Looking at the second point – providing carrier-grade availability and reliability is a significant issue. The industry requires OPNFV to be based on open source. However, the open-source community does not yet have all of the high availability and performance capabilities that are necessary for a carrier-grade platform, delivering the necessary minimum five nines (99.999%) or six nines (99.9999%) of uptime. NFV implementations will require carrier-grade virtualization software to deliver real-time traffic capability, as well as scalability to handle billions of newly connected devices and generation of increasing amounts of data traffic.

Performance, scalability, and security requirements are more stringent for virtual switching in a carrier network. For example, the Open vSwitch (OVS) currently has design limitations that result in inferior scalability and performance efficiency. Furthermore, neither Arno nor Brahmaputra releases incorporate any features that contribute to delivering carrier grade reliability in the NFVI platform.

A third key issue is that there is an industry need for flexibility and differentiation in platforms, in terms of meeting carrier grade requirements and performance and not just the requirements of the NFV application. Vendor-specific software will sometimes be superior to, or provide features not available in, open source software. Proprietary software can therefore provide service providers and TEMs with competitive advantage.

Hybrid Approach

In summary, it should be clear that there are many advantages of ensuring de facto open standards for NFV. OPNFV provides high-quality reference software that can be incorporated into commercial solutions; it also means that solutions leveraging OPNFV can be made available to the market significantly faster. However, in general, enterprise server and computing technologies based on 100% open-source solutions are not designed to meet the rigorous demands of carrier networks. The open-source community simply does not have all of the high availability and performance capabilities necessary for carrier grade.

In addition, it is important that there is a capability for TEMs and CSPs to differentiate their platforms. All of this means the optimum solution must be a hybrid approach based on OPNFV/ETSI open standards and specifications, while also taking the best from vendor-specific solutions to promote innovation in the market. When choosing NFV solutions, TEMs and CSPs seriously need to consider those software vendors that embed this hybrid approach in their NFV product offerings.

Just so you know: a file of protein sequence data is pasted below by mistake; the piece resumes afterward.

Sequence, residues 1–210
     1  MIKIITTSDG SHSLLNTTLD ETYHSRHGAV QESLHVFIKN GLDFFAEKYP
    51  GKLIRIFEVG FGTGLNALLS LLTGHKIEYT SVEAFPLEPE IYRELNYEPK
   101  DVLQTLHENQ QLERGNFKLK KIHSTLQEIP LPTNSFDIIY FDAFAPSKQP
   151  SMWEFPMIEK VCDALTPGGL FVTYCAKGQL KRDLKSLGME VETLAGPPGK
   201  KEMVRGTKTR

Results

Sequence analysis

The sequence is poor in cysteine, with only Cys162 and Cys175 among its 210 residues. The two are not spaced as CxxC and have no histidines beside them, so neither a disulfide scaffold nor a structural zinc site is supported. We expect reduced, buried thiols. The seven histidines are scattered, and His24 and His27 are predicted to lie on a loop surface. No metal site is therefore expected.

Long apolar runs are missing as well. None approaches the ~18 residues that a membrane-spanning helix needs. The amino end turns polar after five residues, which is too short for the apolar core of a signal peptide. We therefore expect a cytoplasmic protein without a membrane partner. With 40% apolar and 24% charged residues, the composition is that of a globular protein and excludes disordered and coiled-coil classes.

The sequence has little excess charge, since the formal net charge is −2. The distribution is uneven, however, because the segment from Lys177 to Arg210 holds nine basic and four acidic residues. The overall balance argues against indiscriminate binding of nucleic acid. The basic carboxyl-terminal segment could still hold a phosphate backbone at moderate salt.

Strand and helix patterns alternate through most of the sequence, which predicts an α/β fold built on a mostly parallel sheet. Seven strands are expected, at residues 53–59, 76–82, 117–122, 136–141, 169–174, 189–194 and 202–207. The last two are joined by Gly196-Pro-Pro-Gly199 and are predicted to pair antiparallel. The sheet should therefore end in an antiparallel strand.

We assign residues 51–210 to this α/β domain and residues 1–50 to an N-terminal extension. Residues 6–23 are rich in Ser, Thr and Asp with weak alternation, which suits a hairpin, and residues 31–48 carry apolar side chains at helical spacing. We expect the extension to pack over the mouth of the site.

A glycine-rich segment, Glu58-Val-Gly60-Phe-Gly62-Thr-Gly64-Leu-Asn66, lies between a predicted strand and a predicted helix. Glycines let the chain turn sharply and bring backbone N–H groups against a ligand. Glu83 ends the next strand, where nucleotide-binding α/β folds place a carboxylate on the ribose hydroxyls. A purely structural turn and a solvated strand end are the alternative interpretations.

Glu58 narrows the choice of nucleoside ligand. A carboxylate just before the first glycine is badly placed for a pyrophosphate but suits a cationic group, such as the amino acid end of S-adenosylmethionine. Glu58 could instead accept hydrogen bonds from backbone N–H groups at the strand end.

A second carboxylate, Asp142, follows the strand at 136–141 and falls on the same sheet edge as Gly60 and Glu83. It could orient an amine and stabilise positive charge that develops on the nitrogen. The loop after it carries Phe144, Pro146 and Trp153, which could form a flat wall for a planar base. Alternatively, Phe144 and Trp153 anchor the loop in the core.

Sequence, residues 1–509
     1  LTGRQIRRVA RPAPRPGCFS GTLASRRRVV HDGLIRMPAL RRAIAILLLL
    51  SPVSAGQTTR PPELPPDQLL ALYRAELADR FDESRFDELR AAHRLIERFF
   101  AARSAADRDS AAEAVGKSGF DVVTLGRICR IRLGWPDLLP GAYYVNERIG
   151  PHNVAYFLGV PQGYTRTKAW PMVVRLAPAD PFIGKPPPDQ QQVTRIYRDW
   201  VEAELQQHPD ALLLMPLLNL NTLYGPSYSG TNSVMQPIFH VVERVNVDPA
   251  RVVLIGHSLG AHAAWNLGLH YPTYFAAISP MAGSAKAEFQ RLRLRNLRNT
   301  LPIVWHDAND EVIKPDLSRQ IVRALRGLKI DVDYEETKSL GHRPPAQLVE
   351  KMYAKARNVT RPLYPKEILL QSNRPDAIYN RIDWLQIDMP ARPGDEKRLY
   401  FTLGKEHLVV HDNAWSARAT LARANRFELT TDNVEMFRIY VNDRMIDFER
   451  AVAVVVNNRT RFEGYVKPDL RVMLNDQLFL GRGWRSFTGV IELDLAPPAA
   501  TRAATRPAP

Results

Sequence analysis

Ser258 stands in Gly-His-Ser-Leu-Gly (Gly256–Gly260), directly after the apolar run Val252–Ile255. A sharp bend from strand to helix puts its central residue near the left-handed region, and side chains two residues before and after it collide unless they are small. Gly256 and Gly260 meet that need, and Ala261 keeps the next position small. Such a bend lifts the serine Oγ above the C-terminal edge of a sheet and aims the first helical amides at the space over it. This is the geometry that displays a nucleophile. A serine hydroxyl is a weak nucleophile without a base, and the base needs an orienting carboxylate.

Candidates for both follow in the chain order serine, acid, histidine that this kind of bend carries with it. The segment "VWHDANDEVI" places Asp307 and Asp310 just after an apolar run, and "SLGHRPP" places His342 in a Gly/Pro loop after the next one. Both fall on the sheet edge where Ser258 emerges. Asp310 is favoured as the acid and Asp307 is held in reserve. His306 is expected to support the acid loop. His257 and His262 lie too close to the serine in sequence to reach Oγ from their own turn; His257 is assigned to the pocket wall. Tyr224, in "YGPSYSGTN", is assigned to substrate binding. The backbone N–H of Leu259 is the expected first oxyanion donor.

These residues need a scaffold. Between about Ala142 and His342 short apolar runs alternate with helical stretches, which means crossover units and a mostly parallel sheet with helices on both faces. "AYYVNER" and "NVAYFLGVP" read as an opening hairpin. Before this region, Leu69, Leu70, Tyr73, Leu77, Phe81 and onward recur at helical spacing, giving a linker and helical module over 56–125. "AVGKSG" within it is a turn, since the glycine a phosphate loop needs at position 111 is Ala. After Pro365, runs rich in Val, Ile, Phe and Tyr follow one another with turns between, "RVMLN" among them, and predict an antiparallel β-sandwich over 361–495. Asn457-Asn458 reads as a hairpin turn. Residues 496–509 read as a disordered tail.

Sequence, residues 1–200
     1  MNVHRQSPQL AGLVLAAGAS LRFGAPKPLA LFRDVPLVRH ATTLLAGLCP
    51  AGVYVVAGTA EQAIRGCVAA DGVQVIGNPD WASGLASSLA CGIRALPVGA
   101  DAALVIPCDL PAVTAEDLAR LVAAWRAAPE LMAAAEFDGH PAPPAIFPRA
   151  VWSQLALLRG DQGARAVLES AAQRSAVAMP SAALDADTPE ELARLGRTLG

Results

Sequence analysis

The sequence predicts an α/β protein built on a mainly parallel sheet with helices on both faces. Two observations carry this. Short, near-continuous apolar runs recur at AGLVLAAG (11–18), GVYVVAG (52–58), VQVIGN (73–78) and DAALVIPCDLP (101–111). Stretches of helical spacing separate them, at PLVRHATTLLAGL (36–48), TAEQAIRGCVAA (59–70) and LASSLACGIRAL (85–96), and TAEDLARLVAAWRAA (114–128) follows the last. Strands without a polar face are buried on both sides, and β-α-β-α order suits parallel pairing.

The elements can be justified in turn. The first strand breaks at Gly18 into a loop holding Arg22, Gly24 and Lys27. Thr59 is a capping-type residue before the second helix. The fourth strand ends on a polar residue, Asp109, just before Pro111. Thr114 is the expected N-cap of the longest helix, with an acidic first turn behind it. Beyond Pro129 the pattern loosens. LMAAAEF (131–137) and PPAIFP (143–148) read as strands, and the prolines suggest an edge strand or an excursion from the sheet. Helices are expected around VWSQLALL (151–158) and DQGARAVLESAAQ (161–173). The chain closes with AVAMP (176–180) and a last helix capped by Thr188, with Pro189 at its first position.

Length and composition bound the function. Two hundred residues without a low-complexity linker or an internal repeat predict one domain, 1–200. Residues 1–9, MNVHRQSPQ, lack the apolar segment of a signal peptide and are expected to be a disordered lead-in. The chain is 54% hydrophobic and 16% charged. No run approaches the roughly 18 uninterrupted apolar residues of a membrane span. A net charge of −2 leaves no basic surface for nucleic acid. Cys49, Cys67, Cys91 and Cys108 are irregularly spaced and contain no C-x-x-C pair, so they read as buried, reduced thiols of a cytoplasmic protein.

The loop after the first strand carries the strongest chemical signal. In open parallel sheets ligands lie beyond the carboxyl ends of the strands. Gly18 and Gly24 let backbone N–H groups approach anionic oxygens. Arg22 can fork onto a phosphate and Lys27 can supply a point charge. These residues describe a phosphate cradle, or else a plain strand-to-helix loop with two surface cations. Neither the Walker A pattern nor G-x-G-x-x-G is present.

In an ideal world, what is required is a VNF-ready NFV platform that includes industry-leading hardware and software products that have been pre-integrated, validated and are 100% compliant with all relevant API standards such as ETSI MANO, OpenStack and KVM. It should also employ an open ‘plug-in’ architecture for OpenStack to support the interoperability of standard open-source components and API-compliant custom software.

On this point, ideally this platform should also come from a vendor that is part of the ETSI NFV initiative and has helped to define and shape the specifications. In addition, the platform also has to address the necessary performance requirements demanded by telecom carrier-grade switching in key areas that are not met by open-standard based solutions such as the Open vSwitch (OVS). Also, proprietary products that address the limitations of OVS, while providing higher scalability and performance efficiency also need to negate the possibilities of vendor lock-in and deliver openness via the use of APIs and OpenStack for example to provide the required level of abstraction.

Software vendors that can build upon the fundamentals of ‘the open’ with the levels of performance delivered by ‘the proprietary’ are the ones that can enable CSPs and TEMs to deliver the next generation of open high-performance NFV networks and systems.


Photo-CharlieAshtonCharlie Ashton is an accomplished marketing and business development executive with extensive experience in the embedded systems industry. At Wind River, Charlie is responsible for business development activities for the networking and telecommunications industries. A prolific writer and commentator, his frequent blog posts and trade articles can be found throughout the embedded and software communities’ literature.